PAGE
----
Tomorrow Sunday April 8th, join The Catskill Mountain Club to hike the Shavertown Trail in Andes, the summit of which affords sweeping views of the Pepacton Reservoir. It snowed last night, here in the Catskills, depositing about six inches, so dress for the cold. Bring plenty of water. Pre-register here by emailing email@example.com.
Spillian, 50 Fleischmanns Heights Road, Fleischmanns, NY 12430.
A high of 42F with a gloomy overcast morning turn into a far brighter afternoon with sun and plump clouds
“Indeed, a certain quality of youth is indispensable to the successful angler, a certain unworldliness and readiness to invest yourself in an enterprise that doesn’t pay the current coin. Not only is the angler, like the poet, born and not made, as Walton says, but there is a deal of the poet in him, and he is to be judged no more harshly.” John Burroughs, Speckled Trout
Catskills residents enjoy liberties that they never take for granted: hunting and fishing are permitted here and, for many, these are reliable, cheap and honest ways to feed their family natural food. In the Catskills, fly fishing season begins on April 1st. Fishing permits are available for residents and visitors. A ceremonial casting usually takes place every year at Junction Pool in Roscoe, a body of water formed by the confluence of the Beaverkill and the Willowemoc rivers, where the fish linger a little too long, so the fishing is favorable. Roscoe is known as “Trout Town USA”, the birth place of fly fishing in this country.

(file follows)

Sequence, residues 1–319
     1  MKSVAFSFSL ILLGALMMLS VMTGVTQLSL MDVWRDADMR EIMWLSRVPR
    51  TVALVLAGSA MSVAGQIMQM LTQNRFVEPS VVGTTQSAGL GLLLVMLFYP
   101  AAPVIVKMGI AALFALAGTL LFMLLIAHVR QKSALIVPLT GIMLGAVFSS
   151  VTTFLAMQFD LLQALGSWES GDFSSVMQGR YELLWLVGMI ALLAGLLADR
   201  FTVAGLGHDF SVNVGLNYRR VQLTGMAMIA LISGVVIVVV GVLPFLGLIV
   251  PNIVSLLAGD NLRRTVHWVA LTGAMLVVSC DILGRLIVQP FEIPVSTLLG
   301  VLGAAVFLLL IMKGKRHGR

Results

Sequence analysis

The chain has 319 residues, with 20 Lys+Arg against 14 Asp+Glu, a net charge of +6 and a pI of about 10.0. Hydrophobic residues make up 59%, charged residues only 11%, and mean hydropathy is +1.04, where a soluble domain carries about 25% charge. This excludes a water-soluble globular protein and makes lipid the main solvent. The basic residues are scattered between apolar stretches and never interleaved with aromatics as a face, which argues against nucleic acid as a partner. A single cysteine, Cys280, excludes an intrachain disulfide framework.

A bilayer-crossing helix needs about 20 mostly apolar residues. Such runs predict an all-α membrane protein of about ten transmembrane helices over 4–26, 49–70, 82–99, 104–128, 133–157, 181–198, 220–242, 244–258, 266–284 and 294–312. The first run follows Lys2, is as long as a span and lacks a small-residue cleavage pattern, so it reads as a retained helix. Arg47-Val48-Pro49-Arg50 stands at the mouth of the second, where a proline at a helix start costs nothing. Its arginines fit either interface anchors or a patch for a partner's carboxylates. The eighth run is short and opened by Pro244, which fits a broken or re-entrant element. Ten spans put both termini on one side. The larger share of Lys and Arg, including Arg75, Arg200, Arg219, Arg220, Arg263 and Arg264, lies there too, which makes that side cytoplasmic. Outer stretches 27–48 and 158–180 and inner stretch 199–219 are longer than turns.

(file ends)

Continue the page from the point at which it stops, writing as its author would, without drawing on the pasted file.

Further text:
The most popular place for Catskills fishing, however, is along the banks of the 65.4-mile Esopus Creek that originates at Winnisook Lake at the base of Slide Mountain, a favorite hiking spot of the local writer and naturalist John Burroughs who died about 100 years ago. Fishermen and women come from far and wide to fish this creek. From Slide, it runs alongside Route 47 to Big Indian, turns in a south-easterly arc and heads south alongside Route 28, until its impounded at the Ashokan Reservoir, so that New York City can have its drinking water, then heads north to the Hudson at Saugerties. There were few anglers spotted on the river today as this year’s gloomy opening morning coincided with the Easter holiday. Continue reading